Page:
Desperate Times, by Danny Marshall, is hilarious! This play is almost a spoof on David Mamet’s Glengarry Glen Ross—but it’s much better than Mamet’s play. Mamet shows us real-estate salesmen who are willing to cut each other’s throat for a sale. Danny Marshall gives us used-car salespeople tempted to do the same thing. Both plays shower us with a tsunami of foul language; but with Mamet we’re supposed to take all this seriously, and Mamet insults us by assuming that with all that obscenity we’ll think it’s “really hot stuff”. Marshall, on the other hand makes a wonderful comedy out of it all. And I totally buy it. (There is much wildly inventive invective, all done in convincing "New Joisey" accents.)
Pat, Lisa and Troy are under immense pressure to maximize their sales. The winner will become the new manager when the boss retires. Pat is a family man. Lisa and Troy have a history of sleeping with their customers to facilitate sales. Each unites with each to sabotage the third. A final surprise twist brings all their hopes crashing down -- but with the faint possibility that these lives just might lose some of their sleaze.
Jordan Dubin, Anna McConnell and Noah Weiner do splendid work as these significantly sleazy sales personnel, under the direction of the dramaturg, Richard Roberts.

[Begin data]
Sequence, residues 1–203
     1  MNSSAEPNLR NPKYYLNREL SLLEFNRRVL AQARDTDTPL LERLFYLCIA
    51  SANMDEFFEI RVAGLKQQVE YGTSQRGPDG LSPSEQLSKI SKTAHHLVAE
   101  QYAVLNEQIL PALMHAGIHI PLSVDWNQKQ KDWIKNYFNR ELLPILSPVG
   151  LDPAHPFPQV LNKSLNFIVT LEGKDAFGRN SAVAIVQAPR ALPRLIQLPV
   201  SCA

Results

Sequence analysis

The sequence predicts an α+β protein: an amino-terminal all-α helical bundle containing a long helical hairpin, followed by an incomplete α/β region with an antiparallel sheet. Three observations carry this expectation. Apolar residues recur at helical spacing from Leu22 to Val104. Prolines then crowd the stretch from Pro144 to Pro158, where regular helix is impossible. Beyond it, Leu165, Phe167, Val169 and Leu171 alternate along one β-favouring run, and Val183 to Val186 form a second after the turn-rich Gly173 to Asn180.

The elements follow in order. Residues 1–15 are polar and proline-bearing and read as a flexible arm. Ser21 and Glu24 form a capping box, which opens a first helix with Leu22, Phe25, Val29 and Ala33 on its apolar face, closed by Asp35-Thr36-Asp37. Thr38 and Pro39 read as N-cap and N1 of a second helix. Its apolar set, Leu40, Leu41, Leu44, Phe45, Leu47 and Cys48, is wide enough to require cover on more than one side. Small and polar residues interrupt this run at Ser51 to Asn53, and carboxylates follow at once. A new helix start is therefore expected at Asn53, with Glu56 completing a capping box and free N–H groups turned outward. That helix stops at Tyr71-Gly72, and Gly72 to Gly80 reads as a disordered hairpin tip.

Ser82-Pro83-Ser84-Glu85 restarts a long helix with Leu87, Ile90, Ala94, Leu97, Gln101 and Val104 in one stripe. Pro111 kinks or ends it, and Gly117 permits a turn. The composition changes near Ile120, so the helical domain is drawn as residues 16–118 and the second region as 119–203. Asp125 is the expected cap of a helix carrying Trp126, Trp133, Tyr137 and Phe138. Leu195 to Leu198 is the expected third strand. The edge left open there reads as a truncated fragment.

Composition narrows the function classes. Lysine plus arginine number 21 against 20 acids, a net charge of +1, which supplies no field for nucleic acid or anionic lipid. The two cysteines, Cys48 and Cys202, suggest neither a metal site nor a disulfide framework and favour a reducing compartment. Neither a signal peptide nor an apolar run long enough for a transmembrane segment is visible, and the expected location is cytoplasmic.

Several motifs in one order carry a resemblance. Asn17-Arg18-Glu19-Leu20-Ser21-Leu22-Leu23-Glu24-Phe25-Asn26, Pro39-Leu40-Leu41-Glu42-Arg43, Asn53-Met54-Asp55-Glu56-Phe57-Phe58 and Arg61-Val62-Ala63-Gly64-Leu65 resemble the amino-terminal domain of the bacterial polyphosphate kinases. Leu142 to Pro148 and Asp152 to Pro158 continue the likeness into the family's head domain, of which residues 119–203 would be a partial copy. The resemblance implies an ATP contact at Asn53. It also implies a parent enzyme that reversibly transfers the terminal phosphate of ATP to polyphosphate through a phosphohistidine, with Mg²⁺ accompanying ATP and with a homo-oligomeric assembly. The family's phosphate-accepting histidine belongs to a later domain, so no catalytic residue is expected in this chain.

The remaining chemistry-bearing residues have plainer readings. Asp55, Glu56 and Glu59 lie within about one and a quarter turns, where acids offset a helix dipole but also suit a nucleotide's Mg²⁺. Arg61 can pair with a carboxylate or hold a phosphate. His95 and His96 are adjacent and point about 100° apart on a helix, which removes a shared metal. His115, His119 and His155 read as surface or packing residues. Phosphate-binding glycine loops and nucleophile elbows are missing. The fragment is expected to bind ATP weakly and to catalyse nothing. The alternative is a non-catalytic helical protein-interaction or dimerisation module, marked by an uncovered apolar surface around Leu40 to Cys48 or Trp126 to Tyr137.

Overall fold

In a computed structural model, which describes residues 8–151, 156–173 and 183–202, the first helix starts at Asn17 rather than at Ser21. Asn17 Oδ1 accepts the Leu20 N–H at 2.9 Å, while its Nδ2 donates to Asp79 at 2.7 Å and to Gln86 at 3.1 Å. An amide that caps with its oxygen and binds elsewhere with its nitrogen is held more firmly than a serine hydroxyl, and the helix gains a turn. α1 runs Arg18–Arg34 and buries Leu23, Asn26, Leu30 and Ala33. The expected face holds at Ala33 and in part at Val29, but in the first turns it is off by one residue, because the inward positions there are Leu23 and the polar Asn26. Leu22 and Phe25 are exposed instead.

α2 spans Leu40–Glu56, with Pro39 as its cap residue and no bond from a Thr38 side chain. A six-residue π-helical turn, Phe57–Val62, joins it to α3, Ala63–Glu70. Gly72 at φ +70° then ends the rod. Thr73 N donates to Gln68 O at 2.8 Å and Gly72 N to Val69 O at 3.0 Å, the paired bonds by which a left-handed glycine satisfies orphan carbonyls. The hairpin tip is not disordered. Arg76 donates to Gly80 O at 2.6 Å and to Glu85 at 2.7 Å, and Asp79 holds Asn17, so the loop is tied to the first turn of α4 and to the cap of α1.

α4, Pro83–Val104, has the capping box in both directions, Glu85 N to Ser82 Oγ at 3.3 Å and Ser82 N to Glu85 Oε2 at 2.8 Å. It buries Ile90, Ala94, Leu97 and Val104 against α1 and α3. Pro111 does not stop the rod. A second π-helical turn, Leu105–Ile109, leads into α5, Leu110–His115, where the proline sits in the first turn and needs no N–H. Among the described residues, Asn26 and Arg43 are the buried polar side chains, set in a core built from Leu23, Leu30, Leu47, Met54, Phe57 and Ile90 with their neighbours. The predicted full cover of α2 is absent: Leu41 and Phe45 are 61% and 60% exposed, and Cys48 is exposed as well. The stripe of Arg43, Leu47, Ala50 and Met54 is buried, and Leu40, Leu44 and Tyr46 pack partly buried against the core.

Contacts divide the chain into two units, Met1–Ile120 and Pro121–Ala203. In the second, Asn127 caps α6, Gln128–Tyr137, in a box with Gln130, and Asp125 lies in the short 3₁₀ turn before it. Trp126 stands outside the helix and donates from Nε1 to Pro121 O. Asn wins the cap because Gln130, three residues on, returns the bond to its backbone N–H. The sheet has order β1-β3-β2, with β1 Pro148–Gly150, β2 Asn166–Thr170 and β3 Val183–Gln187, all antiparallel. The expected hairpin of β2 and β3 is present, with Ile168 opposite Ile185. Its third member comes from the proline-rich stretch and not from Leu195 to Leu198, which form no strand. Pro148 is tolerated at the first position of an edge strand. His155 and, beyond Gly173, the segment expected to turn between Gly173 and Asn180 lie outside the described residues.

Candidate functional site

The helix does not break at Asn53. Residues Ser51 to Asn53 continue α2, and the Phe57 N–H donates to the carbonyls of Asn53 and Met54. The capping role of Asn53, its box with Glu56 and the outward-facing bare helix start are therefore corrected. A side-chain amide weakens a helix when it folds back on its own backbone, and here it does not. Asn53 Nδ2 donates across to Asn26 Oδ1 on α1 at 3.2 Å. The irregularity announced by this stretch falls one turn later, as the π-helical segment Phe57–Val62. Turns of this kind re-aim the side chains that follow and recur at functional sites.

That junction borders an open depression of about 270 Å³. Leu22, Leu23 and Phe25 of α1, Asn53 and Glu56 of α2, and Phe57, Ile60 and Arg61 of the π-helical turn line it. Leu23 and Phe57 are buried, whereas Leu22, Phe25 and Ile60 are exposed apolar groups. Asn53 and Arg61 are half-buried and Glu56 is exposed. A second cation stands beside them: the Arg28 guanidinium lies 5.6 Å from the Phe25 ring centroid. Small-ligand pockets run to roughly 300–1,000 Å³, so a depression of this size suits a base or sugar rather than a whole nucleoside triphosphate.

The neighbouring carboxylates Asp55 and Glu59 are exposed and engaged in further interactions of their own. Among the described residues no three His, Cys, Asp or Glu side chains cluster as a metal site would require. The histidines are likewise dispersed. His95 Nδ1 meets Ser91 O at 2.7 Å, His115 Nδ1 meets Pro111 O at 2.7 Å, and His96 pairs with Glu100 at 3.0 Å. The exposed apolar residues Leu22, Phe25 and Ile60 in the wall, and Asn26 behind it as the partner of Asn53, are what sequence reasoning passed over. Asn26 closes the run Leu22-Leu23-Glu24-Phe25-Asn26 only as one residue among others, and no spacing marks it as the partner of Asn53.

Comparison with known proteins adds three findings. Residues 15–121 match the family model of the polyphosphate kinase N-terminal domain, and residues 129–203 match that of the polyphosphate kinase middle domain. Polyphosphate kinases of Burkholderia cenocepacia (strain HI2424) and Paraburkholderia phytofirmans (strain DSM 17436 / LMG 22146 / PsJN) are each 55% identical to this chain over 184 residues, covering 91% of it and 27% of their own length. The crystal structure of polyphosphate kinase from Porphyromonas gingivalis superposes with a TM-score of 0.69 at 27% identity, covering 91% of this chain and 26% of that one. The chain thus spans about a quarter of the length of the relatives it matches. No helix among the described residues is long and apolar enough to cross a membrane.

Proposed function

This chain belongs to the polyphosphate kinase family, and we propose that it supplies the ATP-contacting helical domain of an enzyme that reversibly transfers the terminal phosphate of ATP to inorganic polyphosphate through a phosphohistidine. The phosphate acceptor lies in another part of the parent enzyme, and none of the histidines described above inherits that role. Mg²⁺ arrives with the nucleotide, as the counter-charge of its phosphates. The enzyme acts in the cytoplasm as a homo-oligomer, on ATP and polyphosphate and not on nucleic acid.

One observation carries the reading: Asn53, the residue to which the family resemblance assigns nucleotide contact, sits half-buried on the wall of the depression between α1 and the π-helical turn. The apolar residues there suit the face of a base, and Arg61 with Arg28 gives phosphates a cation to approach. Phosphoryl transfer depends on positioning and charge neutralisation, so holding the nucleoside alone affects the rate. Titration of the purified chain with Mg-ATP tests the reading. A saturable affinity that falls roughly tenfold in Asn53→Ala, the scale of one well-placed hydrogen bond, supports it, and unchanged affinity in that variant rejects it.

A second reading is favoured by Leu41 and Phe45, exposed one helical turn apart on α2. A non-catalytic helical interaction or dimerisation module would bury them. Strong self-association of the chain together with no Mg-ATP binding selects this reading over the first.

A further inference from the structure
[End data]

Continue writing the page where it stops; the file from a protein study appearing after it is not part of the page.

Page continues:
Raindropped, by Scott Greenberg, presents a party of young friends at a "destination" wedding in the Maldives. The “Bride and Bride” are Liz and Beth. The Best Man is Liz’s ex-lover, Elliot. The Maid of Honor is Liz’s sister, Jess (who had once slept with Elliot when he and Liz were a couple). Weird enough yet?
Elliot is still in love with Liz, but tries to behave and be a "good Best Man." But he’s troubled by guilt because his brother is back in the States dying of lung cancer and Elliot knows that he should be back there with him.
There are many scenes, secret-agent dreams, rainstorms, bonfires, a pretty standard wedding reception speech, hallucinations, some bad puns, shootings, bashing with a Bible, a lost (then found) wedding ring, and a guilt-laying dying brother who coughs à la Camille. The play has a blend of the flavors of romantic sit-com, soap opera and spy/action film -- all lightly and gracefully handled.
The mostly-college audience responded throughout with eager laughter and giggles. Of all the exciting actions happening on the stage the most utterly shocking to several in the audience was when our hero threw his smart-phone into the ocean!!! (OMG!!!)
The cast does excellent work. Lucas Marschke plays Elliot, Helen Fox is Liz, Natalie Thurman is Liz’s sister Jess, Hanna Dains is Beth, and Nathan Lamp plays the dying brother. Lamp also brings a special odd charm to a mysterious Man, who keeps popping up.
Am I just too old-fashioned? I think that the play’s apparent assumption that gender is utterly irrelevant nowadays let some real dramatic possibilities slip by. We are, let’s face it, a gendered species, and in that fact lies considerable drama—and certainly much comedy.
In all three plays Daniel Washelesky does excellent work as narrator, reading the scene descriptions and stage directions.
Bon voyage, young playwrights. Bon chance! Break a leg! Have fun on your bright adventure.